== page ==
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Yankees Refuse to Lose, Defeat Astros With Latest Thrilling Comeback

The Yankees scored four runs in the bottom of the ninth to storm back and defeat the Astros, securing their league-leading 21st comeback victory of the season.
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NEW YORK — Entering the bottom of the ninth at Yankee Stadium on Thursday night, it seemed like the Yankees had met their match.

The Astros had out-homered New York's high-powered lineup, holding them to just two hits (both coming in the first inning).

Yankees manager Aaron Boone referred to this Astros team as the most complete club that New York has faced this year in the hours leading up to first pitch. Dusty Baker's squad proved it between the lines over the first eight frames.

And yet, even as Astros closer Ryan Pressly jogged in from the visitor's bullpen to record the final three outs, there was an energy in the Bronx that this ballgame was far from over. At that moment, it was almost as if the Yankees switched into another gear, recognizing that it was winning time.

What followed was a clinic of quality at-bats, key contributions from the bottom of New York's order and a decisive blow from this team's leader, a four-run outburst to secure a dramatic 7-6 victory on the biggest stage.

With nobody out and two men on, left fielder Aaron Hicks—who has been dreadful with runners in scoring position this season—deposited a game-tying three-run home run into the right-field bleachers. The roar from a crowd of 44,071 fans at Yankee Stadium, as Hicks' blast soared to the bleachers in right field, was deafening.

A few batters later, Aaron Judge delivered the knockout punch, ripping a walk-off single into the left-field corner. His second walk-off hit of the season clinched New York's 21st comeback victory of the year, the most in Major League Baseball.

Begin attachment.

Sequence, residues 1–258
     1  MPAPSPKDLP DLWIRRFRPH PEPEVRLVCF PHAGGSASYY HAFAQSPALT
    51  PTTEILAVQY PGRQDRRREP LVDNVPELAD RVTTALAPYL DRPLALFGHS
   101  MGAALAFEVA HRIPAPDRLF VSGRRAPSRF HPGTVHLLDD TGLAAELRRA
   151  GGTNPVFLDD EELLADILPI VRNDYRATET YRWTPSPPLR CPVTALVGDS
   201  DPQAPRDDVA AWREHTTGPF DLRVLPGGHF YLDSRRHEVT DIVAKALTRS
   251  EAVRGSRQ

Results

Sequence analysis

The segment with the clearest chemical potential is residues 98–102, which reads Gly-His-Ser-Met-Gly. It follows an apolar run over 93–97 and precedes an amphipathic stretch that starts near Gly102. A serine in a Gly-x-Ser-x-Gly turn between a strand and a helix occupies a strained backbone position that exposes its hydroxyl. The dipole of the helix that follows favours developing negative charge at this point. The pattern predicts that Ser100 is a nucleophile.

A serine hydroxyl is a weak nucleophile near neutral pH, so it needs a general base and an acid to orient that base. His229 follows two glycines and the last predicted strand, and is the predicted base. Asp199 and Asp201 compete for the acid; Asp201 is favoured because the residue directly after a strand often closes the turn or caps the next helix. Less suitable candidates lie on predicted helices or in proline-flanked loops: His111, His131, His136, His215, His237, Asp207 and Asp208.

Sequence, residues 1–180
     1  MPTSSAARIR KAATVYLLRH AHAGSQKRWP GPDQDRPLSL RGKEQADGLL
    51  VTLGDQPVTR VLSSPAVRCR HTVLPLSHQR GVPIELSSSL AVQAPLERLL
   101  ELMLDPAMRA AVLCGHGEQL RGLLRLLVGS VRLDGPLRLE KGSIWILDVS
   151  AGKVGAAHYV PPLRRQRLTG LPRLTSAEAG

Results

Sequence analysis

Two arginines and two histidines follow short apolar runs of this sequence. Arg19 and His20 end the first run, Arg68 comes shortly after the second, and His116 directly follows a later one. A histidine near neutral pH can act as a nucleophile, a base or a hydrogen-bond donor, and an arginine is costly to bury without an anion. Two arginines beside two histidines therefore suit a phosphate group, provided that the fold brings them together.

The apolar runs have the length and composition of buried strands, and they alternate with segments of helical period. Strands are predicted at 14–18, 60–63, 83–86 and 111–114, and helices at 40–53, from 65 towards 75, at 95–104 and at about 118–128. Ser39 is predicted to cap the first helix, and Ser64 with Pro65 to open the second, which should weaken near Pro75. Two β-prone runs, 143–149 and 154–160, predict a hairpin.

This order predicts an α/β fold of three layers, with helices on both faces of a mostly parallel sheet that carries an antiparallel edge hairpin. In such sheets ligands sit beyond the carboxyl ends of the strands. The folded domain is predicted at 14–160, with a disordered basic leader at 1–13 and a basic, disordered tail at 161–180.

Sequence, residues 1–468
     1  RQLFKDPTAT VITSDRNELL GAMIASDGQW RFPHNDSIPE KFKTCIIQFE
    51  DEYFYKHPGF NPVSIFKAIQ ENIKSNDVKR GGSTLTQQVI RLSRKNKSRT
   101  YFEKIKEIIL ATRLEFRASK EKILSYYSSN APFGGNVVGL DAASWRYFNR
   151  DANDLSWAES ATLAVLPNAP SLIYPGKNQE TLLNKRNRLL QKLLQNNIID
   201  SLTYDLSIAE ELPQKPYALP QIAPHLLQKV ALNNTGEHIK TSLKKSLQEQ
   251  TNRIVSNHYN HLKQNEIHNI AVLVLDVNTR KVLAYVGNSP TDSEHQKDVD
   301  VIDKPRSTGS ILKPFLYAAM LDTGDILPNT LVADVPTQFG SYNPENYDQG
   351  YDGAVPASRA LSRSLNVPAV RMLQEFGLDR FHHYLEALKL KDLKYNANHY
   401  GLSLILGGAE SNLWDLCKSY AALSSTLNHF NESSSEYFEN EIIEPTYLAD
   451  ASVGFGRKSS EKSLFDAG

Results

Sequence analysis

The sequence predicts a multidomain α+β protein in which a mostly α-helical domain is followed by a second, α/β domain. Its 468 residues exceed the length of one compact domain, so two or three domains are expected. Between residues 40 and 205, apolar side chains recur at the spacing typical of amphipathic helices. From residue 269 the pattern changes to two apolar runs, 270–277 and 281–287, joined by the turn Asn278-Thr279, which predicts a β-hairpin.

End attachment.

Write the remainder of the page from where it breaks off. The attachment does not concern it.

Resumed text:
"We're just never out of a game," Judge said after the win. "No matter the score, even if we get down early, if we have a lead and blow it, it doesn't matter. As long as we still have a chance to hit, this team has a chance to still win the ballgame."

While the Yankees showed emotion as Hicks tied the game, storming the field and mobbing their teammate when Judge won it, Boone and his players spoke about an overwhelming confidence and calmness in the dugout as New York began to mount their comeback. 

Time and time again this club has taken care of business with their collective backs against the wall. That's why they were able to trust each other to get the job done, producing quality at-bats after getting shut down for eight innings.

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"You can see it in everybody's faces when they're in the box," Judge added. "There's no emotion. There's some emotional when Hicks hits a game-tying homer in the ninth. You show some emotion there. But then it's right back to work. Up and down our lineup, guys just working the at-bat, the moment not getting too big for guys and just believing in each other."

Hicks' three-run shot and Judge's game-winner will make all the highlight reels, but those two plays wouldn't have happened if it wasn't for clutch walks from Giancarlo Stanton, Gleyber Torres and DJ LeMahieu, in addition to base hits from Isiah Kiner-Falefa and Jose Trevino.

Boone called all those plate appearances, "winning plays."

"Let's go have a good at-bat. That was the mindset," the skipper explained. "There was kind of a calm and a resolve, an energy certainly, but I'd say the opposite of emotional. It was just like 'let's go grind this thing out and have good at bats.' G and Gleyber there to start things off working walks there really set us up and then just some more tough at-bats put us in that position."

As the Yankees continue to face talented opponents this summer and look to get over the hump down the road in October, it's going to take performances like these to be the last team standing. 

Whether they'll be able to produce in those spots four months from now remains to be seen, but this team is resolute in their late-game mentality with a track record of proven success. That's part of the reason why New York is on pace for 120 wins through 70 games. 

"We don't like to lose," Hicks said. "We're a team that's gonna keep fighting until the end. Until the last out is made, we believe that we still have a chance."

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